What has happened to drawing? This recently posted rhetorical question on the Internet produced a torrent of responses, an ironic commentary from our digital age. Yes, we primarily draw electronically now. Yes, our several generations of active architects employ different media to think, to design, and to represent their ideas. Yes, our students and future architects still use hand drawing, but frequently as one tool in a kit that includes physical modeling and three-dimensional virtual manipulation. Yes, the architect’s world has changed. There should be no tears, only a glint at reality.
And yet, and yet … a new exhibition in New York tears us away from the brave new world and reminds us what drawing can do. Co-organized by the Solomon R. Guggenheim Foundation and the Frank Lloyd Wright Foundation for the 50th anniversary of Wright’s death and the opening, six months later, of the museum itself, the show, entitled (inelegantly) Frank Lloyd Wright: From Within Outward, displays more than 200 drawings, some never before exhibited, all from the architect’s studio, as well as models and digital animations of 64 projects.
“Quiet.” That word seemed to characterize most people’s response to the large sheets elegantly displayed within vitrines in a space that can gobble up all but the most histrionic displays. For the Wright aficionado, or the architect in love with drawings, the museum and the foundation have produced a summer swimming pool of a show: You have to dive in and take a deep breath.
The range of techniques and the craft present in the sheets of handwork remind us what we have lost in our transition to the electronic. The analogy lies in the piano’s transition to the electronic keyboard, where technical ability has thrived but dynamics has disappeared along the way. Rather than the subtle variations in tone, or the slight tremolo and the staccato attack, the nuance that lies in variation of technique, pianists found little but loud and soft in the new technology, resulting in the tonal equivalent of hitting the same key, forcefully, over and over—banging, rather than playing. Regrettably, our own drawings, too, often hit the same key.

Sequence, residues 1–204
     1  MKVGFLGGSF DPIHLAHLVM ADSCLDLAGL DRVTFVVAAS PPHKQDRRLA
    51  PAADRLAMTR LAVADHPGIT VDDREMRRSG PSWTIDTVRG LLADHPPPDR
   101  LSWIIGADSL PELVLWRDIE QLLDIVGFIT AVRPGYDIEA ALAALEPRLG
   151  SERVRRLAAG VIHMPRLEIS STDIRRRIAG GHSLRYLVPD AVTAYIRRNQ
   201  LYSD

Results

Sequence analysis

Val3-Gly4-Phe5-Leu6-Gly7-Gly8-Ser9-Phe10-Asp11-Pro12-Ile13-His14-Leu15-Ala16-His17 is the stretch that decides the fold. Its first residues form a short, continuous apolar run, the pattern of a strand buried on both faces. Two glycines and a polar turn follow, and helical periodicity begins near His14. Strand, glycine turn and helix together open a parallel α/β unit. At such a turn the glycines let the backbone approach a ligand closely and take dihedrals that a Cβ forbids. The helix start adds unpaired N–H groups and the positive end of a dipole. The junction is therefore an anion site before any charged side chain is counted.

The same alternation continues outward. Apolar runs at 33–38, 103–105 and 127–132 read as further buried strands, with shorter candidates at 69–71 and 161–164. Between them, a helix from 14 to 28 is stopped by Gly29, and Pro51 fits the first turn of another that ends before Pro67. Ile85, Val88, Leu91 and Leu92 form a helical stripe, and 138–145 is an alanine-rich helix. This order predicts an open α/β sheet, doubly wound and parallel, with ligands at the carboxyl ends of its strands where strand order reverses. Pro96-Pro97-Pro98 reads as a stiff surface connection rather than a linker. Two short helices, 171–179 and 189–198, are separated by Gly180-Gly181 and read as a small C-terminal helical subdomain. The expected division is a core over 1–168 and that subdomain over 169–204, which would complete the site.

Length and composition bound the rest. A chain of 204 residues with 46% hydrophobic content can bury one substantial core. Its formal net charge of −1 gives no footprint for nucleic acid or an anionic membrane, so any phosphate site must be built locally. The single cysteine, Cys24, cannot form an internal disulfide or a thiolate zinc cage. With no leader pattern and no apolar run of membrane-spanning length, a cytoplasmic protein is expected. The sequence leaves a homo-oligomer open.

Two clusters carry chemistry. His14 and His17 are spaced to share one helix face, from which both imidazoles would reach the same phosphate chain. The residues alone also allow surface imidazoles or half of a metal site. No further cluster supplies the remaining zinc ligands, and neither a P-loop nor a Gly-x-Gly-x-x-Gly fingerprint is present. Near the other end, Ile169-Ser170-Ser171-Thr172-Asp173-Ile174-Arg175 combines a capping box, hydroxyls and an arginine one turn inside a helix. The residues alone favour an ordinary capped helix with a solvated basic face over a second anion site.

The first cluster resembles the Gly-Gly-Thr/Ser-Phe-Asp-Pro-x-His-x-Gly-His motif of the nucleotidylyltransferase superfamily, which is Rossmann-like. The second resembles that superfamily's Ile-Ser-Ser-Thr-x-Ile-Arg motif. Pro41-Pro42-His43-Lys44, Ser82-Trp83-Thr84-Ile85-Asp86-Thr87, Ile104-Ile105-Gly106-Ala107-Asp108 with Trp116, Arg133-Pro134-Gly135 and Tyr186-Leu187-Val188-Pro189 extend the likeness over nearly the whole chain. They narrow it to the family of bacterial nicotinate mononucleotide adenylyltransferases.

The Wrightian drawings (Wrightian because few can claim his sole authorship), however, fly across a range of techniques, attracting us with traditions that extend back to the caves at Lescaux. Some exhibit pure idea or form conveyed by line; others appeal to the senses through texture or tactile effects or color. Nature frames images, creating layered perspective, while the human form and furnishings lend scale. The media vary from ink lines and washes to gouache and watercolor. Within the range, it is arguable that nothing conveys the immediate link between human cognition, the kinesthetic sense, and intention more effectively than the handheld graphite pencil.
At Wright’s own Oak Park Studio (1897), for example, the image of house and workshop set in the parklike setting fairly pulses. The media are simple: graphite pencil and sepia ink on paper. Employing those tools, however, the lines display contained energy—inexact, discontinuous, but almost electrically charged. A minimum of rendering defines the shades and shadows. The human-made elements, particularly the fenestration, seem capable of machinelike motion, while nature envelops the studio and weds the constructed environment with the natural. All with a few, intentional lines.
Ink offers the delineator opportunities for heightened drama. The Larkin Building (1902–06), drawn with sepia ink on paper, throws the blocks of the urban office into relief. Unity Temple (1905–08), ink and watercolor on paper, fairly jumps from the sheet, strongly set apart from its background. And most famously, in the Robie House in Chicago (1908–10), the sepia ink on art paper has been reduced to a pattern of blacks and neutrals in which all seems to be thrusting planes, all shadow and light.
In black-and-white and colored drawings, we are aware of the maker. Can that be a distinguishable characteristic—the inevitability, even the presence, of the person behind the image? The individual lines of colored pencil bubble and bump their way into a chromatic whole, causing lines of contour to flow, like the drawing for the Taliesin farmlands (1925–59) executed with colored pencil and ink on tracing cloth. Washes and watercolors of the Willets House (1902–03), for example, add an ocher-laced fluidity that ties the structure to time and place, an ensemble related to Wright’s love of Japanese printmaking and the influence of late Art Nouveau. White, the presence of all color, applied as gouache to the Thomas Gale House (1909), pops the static structure out from the picture plane with calculated boldness.
Plans (Wright’s patterned two-dimensional representation of flowing interior space related to the larger world), and details (sometimes a quick working-out, sketched, or refined), underscore how the prolific master thought and represented his thought. For contemporary audiences, elegiac about the sea change currently taking place, the medium at the Guggenheim becomes the message. Architects today are embarked on mental wonders, thanks to our computer-generated imagery, our parametric modeling, and our seemingly endless abilities to conceive and construct. Confronting Frank Lloyd Wright, sheet after sheet, we have to ask: What has happened to drawing?
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